Review: Top 10 Walks in the Lake District…

My regular readers (and even irregular ones…) will know that I am at my happiest when I am in the Lake District. As soon as I cross that border into Cumbria, and see the first fells in the distance, worries melt away and I feel as if I have come home.

OK, it must sound sentimental to many of those who live and work in the area, who undoubtedly have to deal with the same day to day pressures as I do back here in Somerset, and may not get the time to wander the fells full of fine feeling (I love a bit of alliteration) but I am not going to apologise for it. I am, after all, one of millions who visit the area, catch the lake district bug and return again and again. Just four weeks ago I had a blissful week of fine weather (too hot to walk one day!)  and good walking, supported by two fabulous little books in a series I have only just discovered.

The Lake District Top 10 Walks series is published by Northern Eye Books, and includes a wide range of pocket sized books perfect for the walker who enjoys a morning or afternoon walk of about five or six miles, with the sure and certain knowledge that they are on the right track to something extra special. From high fells to low fells; from waterfalls to lakesides; literary to historical; there is something for almost everyone.  This year we packed Walks to Viewpoints by Stewart Smith and Walks to Pubs (yes OK I know….) by Vivienne Crow.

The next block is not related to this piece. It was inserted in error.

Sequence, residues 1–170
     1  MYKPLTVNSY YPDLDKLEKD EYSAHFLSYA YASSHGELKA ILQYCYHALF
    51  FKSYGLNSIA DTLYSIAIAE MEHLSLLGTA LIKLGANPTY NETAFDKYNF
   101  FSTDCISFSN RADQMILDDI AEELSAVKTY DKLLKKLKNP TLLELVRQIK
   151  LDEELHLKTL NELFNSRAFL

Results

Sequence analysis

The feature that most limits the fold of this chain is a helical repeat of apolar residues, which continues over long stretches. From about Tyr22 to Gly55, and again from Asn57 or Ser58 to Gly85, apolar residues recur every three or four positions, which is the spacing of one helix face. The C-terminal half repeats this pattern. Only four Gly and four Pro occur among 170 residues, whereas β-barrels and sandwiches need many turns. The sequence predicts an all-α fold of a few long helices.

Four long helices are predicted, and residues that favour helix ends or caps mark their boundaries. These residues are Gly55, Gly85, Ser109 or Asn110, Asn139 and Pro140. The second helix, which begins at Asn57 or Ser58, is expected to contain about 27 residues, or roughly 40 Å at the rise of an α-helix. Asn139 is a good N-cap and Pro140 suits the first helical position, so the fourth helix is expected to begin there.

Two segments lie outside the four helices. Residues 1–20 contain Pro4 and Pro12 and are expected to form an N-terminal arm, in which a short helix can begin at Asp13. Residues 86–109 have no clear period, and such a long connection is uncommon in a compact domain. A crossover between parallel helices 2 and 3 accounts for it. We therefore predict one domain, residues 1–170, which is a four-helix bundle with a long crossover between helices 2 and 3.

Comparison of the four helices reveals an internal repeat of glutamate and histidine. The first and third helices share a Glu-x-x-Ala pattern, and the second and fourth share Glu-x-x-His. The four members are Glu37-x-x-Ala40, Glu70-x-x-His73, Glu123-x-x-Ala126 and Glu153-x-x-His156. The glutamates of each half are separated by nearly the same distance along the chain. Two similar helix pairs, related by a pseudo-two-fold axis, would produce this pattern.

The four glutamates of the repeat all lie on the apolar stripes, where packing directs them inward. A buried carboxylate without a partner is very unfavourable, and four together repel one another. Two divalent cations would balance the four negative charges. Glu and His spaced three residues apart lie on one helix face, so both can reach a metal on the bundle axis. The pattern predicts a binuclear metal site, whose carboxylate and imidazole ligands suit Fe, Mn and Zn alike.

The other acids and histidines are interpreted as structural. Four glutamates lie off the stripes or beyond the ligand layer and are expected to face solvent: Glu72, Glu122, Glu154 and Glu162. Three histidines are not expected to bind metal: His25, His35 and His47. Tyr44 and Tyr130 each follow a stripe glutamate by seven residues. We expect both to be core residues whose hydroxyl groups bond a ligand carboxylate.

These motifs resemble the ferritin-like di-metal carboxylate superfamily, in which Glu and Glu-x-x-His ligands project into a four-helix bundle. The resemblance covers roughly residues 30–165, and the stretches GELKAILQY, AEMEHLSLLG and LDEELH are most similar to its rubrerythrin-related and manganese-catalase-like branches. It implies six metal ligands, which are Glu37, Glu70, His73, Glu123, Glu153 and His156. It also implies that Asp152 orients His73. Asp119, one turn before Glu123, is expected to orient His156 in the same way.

ViewsAt £5.99 each they are great value. Smith’s Viewpoints includes walks to try wherever you might be based and it introduced me to areas I would not normally have considered – Great Mell Fell in the north, and Gummers How in the south. I wish I could have tried them all, but there is always the next time, and I have to mention one walk I was particularly impressed by – a low level walk around Wastwater which offered me an entirely new perspective on a lake that already enjoys the distinction of having at its shore ‘Britain’s Favourite View’. On a sunny day, near a pool created by the River Irt and on the southern shoreline after a walk through the bluebells of Low Wood, the stillness seemed profound, until I heard the gentle lapping of waves in a slight breeze. Looking up, to our right, at the terrifying screes, it was, genuinely a view to savour. On the return stretch via Greendale we met with an American couple, carrying the same book,  who had been misdirected and had started the walk the wrong way round. Apart from being a good sign that the book is selling well, I almost envied them, as the view back to the lake from this point onwards is fabulous.

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The view back to Wasdale

Crow’s Pub Walks offered us the chance to follow a wonderful walk around Great Langdale and Mickleden, my own ‘favourite view’. It starts and ends at The Old Dungeon Ghyll Hotel and takes you on tracks along the side of the fells and on valley paths.In the Mickleden Valley you genuinely feel tiny, as the peaks of Crinkle Crags, Bowfell and the Pikes loom over you. And, of course, the pub is great!

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Walking in Great Langdale to Mickleden